Public Opinion and Voting Behavior

Public Opinion and Voting Behavior

Red to Purple? Changing Demographics and Party Change in Texas

Juan Huerta Author ORCID home | opens in new tab Texas A&M University – Corpus Christi
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Beatriz Cuartas National Nuclear Security Administration

Abstract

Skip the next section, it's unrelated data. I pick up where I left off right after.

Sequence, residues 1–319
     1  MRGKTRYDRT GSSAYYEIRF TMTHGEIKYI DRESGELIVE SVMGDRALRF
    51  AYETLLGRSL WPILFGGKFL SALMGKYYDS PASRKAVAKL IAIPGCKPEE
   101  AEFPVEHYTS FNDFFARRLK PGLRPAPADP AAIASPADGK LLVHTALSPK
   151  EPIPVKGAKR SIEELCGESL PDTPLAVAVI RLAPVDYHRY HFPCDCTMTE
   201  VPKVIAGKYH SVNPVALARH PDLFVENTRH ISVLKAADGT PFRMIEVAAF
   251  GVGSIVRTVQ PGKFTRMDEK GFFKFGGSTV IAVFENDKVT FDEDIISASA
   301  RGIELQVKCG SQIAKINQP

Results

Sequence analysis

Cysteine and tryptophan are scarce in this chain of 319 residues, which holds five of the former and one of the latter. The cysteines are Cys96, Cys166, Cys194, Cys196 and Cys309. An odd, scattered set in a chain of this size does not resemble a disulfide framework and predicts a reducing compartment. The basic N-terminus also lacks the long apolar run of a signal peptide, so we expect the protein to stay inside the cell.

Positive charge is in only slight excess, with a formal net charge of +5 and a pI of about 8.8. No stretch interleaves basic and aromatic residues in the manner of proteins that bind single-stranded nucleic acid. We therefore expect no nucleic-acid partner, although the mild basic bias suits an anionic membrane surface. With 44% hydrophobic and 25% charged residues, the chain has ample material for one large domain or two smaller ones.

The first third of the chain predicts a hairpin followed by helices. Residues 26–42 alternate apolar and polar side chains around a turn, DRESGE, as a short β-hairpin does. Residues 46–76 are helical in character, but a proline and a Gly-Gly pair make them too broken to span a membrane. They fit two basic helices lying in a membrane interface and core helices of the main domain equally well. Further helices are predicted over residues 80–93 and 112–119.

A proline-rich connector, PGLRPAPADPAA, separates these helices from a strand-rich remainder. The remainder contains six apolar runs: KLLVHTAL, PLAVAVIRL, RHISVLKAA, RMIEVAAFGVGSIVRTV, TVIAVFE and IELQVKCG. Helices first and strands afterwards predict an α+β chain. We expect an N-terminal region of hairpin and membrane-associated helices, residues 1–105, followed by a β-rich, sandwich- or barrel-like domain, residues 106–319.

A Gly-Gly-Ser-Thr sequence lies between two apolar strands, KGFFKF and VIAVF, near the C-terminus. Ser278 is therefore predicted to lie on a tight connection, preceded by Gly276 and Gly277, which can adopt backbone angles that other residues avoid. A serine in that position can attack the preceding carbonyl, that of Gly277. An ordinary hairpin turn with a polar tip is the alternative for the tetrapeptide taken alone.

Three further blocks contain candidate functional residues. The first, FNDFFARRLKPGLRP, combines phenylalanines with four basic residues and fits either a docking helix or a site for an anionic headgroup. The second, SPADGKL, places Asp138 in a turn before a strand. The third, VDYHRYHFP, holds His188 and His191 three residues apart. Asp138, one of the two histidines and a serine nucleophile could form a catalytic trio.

Objective: This study investigates the potential for party change in Texas, specifically if a generational replacement and demographic changes are leading to an increase in Democratic identification A competitive Texas has national political implications. Method: Using the Impressionable Years framework, party identification and ideology are analyzed with public opinion surveys of Texans and demographic data. Generation cohorts and race/ethnicity are the key variables of interest, and the analysis includes line graphs and linear regression. Results: The findings demonstrate younger cohorts of white Texans are less likely to identify as Republican and older cohorts of whites are most likely. All cohorts of people of color are likely to identify as Democrats. Conclusions: Generational and demographic changes are leading to an increase in Democratic Party identification and a decline in Republican identifiers. The mobilization by parties of young Texans, who are trending towards Democrats, is critical to the future of Texas politics.

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